Telkom’s share price has rallied by more than 40% in less than two months, despite a run of bad news from the company. Analysts are buoyed by the change of leadership and some of the decisions taken subsequently, but suggest that without further clarity on Telkom’s long-term strategy, the stock gains may be difficult to maintain.
In recent weeks, Telkom has released far from good annual financial results, taken a R12bn write-down on its network infrastructure, agreed to pay a R200m fine and other penalties for anticompetitive behaviour, gone after one of its former executives for alleged corruption, instituted a R5bn lawsuit against Blue Label Telecoms, and hiked its tariffs in a highly competitive market.
Telkom’s share price bottomed out below R12/share in early May, but was trading above R17/share on Wednesday — an increase of 42,5% from its nadir. On Wednesday, Telkom’s market capitalisation was R8,9bn, more than R3,5bn more than its bottom in May.
Nevertheless, the stock is down 7,4% year on year and off more than 50% over five years.
Kaplan Equity Analysts MD Irnest Kaplan says the company’s annual results, released last month, had three positive factors: healthier cash flow, less tax on cash, and less spending on dividends.
Telkom reported cash flow from operating activities of R7,6bn in 2013 compared to R6,7bn in 2012. “Operating cash flow is up, even though revenue is down,” Kaplan says. Reduced revenue meant it paid R687m in tax in the most recent financial year compared to R939m a year before. Its dividend payments were reduced from R812m to R177m.
“Those three items amount to around R1,5bn and, when you’re a value investor looking at a company arguably undervalued for a long time, you’re very sensitive to the cash performance of the business.”
There’s little doubt Telkom has been undervalued for some time, Kaplan adds, and this goes some way to explaining the R12bn impairment on its network assets. “My gut feeling is that maybe some investors thought this is a sign that despite income statement pressure there is cash in the business and it can produce cash.”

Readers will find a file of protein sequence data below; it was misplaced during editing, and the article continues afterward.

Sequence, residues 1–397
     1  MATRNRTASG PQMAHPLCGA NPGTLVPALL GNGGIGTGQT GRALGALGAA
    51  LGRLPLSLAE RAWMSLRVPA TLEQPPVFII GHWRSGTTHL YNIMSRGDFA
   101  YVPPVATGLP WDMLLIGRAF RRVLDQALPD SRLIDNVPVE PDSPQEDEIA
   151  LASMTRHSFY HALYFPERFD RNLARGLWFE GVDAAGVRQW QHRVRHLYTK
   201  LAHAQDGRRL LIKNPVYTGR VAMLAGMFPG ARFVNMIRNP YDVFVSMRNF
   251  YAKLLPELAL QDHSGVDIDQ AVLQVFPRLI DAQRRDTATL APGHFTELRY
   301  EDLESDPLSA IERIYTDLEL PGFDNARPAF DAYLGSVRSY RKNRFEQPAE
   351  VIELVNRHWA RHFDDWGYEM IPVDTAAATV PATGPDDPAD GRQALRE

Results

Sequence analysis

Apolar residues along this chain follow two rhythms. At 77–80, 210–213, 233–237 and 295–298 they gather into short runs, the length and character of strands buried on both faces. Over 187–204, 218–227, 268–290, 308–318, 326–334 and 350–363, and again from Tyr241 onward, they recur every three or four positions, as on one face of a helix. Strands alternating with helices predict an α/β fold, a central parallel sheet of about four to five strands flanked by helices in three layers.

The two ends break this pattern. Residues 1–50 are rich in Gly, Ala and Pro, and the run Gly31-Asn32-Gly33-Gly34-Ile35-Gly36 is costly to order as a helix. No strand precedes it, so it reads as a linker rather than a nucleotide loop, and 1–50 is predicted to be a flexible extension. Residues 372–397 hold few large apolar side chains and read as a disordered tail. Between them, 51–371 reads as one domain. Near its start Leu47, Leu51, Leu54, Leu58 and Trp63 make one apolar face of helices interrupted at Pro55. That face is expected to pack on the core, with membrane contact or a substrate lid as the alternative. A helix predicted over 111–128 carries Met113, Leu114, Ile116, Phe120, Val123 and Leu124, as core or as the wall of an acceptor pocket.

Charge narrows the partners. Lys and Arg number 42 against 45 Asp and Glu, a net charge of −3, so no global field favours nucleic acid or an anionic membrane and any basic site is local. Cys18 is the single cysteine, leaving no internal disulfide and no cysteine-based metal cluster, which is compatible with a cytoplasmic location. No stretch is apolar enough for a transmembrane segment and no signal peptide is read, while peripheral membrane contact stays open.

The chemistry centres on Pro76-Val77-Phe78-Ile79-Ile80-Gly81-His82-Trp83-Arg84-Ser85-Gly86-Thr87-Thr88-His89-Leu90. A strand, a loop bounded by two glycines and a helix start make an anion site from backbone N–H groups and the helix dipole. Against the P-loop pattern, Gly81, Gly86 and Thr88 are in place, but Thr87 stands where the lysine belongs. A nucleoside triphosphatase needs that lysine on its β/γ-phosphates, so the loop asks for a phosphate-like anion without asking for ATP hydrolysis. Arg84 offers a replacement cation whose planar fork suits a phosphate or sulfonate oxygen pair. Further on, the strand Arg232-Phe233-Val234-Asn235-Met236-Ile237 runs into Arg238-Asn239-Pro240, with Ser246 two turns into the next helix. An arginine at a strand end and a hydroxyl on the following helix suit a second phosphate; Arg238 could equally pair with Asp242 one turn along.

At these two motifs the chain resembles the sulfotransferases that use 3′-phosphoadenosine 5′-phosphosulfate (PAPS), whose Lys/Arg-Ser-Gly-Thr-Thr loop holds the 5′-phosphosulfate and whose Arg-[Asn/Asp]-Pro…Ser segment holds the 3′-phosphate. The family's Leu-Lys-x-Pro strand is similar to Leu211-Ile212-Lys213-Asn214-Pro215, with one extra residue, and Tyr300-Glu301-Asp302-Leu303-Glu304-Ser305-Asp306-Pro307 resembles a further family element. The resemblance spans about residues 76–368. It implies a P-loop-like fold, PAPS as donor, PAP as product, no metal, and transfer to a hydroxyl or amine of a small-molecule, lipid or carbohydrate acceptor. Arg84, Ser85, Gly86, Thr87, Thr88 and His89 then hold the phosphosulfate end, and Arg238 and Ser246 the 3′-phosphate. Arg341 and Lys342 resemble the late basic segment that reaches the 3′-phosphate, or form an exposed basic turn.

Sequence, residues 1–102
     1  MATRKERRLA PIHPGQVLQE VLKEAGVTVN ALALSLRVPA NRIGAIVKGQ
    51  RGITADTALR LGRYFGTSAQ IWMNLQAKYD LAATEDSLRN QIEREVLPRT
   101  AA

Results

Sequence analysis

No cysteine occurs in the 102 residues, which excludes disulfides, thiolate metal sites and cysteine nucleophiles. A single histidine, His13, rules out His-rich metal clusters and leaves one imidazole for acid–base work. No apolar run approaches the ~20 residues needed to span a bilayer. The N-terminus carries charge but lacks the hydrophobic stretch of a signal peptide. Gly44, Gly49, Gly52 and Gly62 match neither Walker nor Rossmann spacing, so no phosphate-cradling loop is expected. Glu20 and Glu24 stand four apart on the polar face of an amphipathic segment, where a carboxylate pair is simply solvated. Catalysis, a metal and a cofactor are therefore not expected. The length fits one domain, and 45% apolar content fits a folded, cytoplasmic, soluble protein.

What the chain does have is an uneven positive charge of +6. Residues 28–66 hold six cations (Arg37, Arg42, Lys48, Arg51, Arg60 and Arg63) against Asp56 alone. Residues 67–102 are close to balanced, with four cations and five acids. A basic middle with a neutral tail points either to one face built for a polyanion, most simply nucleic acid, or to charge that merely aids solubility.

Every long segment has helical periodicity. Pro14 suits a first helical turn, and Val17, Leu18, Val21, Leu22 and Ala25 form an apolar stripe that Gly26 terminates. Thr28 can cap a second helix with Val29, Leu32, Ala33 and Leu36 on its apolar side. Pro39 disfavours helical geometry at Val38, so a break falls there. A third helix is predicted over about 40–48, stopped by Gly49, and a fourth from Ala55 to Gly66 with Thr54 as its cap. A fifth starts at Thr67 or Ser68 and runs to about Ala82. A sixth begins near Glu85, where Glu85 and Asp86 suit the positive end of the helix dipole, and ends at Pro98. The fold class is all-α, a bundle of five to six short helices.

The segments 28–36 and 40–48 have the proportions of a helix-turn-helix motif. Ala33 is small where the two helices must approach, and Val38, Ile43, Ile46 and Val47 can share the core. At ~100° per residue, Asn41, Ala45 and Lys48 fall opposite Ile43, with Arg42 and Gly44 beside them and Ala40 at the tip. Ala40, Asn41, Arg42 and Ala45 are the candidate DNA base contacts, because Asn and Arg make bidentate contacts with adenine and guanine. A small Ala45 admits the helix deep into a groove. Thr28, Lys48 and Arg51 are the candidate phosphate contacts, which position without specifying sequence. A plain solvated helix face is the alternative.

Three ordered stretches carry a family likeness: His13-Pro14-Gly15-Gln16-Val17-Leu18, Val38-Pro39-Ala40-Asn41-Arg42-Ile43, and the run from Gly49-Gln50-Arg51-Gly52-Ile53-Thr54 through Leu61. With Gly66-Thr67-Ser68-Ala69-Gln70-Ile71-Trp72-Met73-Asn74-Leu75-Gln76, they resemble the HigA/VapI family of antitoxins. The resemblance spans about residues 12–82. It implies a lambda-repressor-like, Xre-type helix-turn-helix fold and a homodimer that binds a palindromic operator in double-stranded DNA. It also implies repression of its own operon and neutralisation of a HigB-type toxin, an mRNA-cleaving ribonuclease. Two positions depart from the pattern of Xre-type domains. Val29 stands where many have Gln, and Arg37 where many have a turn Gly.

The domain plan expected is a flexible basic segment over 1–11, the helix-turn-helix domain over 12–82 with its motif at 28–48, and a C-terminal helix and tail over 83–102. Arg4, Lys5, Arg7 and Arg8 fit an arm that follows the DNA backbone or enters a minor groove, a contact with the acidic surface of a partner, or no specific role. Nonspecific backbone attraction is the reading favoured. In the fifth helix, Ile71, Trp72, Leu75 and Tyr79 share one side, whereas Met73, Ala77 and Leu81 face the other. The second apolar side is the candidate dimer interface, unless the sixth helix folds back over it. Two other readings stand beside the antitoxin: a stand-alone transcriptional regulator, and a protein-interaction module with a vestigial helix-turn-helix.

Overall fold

Kaplan says it may be counterintuitive to suggest a R12bn impairment is a good thing, but it “improves all the ratios”.
“The company’s return on equity and its return on assets go up. You could argue it’s just accounting, and just technical, but it does make Telkom look better in the longer term,” he says. “It’s also a sign of taking the blow on the chin and acknowledging that the network is not worth what it’s been listed at.”
Telkom’s new board and the other changes in leadership may also be to thank for the share rally. “I suspect there’s more comfort about the new board,” he says. “There are some really capable people there, the chief financial officer [Jacques Schindehütte] is very capable, and the chairman [Jabu Mabuza] is known for being a no-nonsense guy. Sipho Maseko [the recently appointed CEO] is highly regarded, too. So, there’s lots of business experience on the board now where previously there were many government appointees.”
Despite the rally, Telkom has to find ways to arrest its declining revenue and customer numbers, it needs to clarify the future of its mobile business, and it faces the same problems other fixed-line operators around the world do in terms of mobile substitution and falling voice revenue, Kaplan says. “It’s tough because Telkom has a cost base it can’t manipulate with ease and an income stream that’s going down.”
Perhaps Telkom’s greatest obstacle is its reputation. “Even with a good strategy and good products, there seems to be a big perception that Telkom is terrible,” he says. “Even if Telkom manages a turnaround with good products and strategy, this is going to hinder them.”
World Wide Worx MD, researcher and analyst Arthur Goldstuck, says it “seems fairly obvious” to him that the recent gains in Telkom’s share price are “a vote of confidence” in the new leadership team and structure. A strong CEO in Maseko, with a “credible, proven and successful right-hand man” in chief operating officer Brian Armstrong, has warmed investors to the share again.
“Whenever you see criticism of Telkom, it tends to focus on the consumer side, while the commentary on Telkom Business seems to be pretty uniformly positive, and that’s thanks to strong leadership from Armstrong,” Goldstuck says. “Another element, I think, is a growing view of what an asset Telkom’s infrastructure is.” — (c) 2013 NewsCentral Media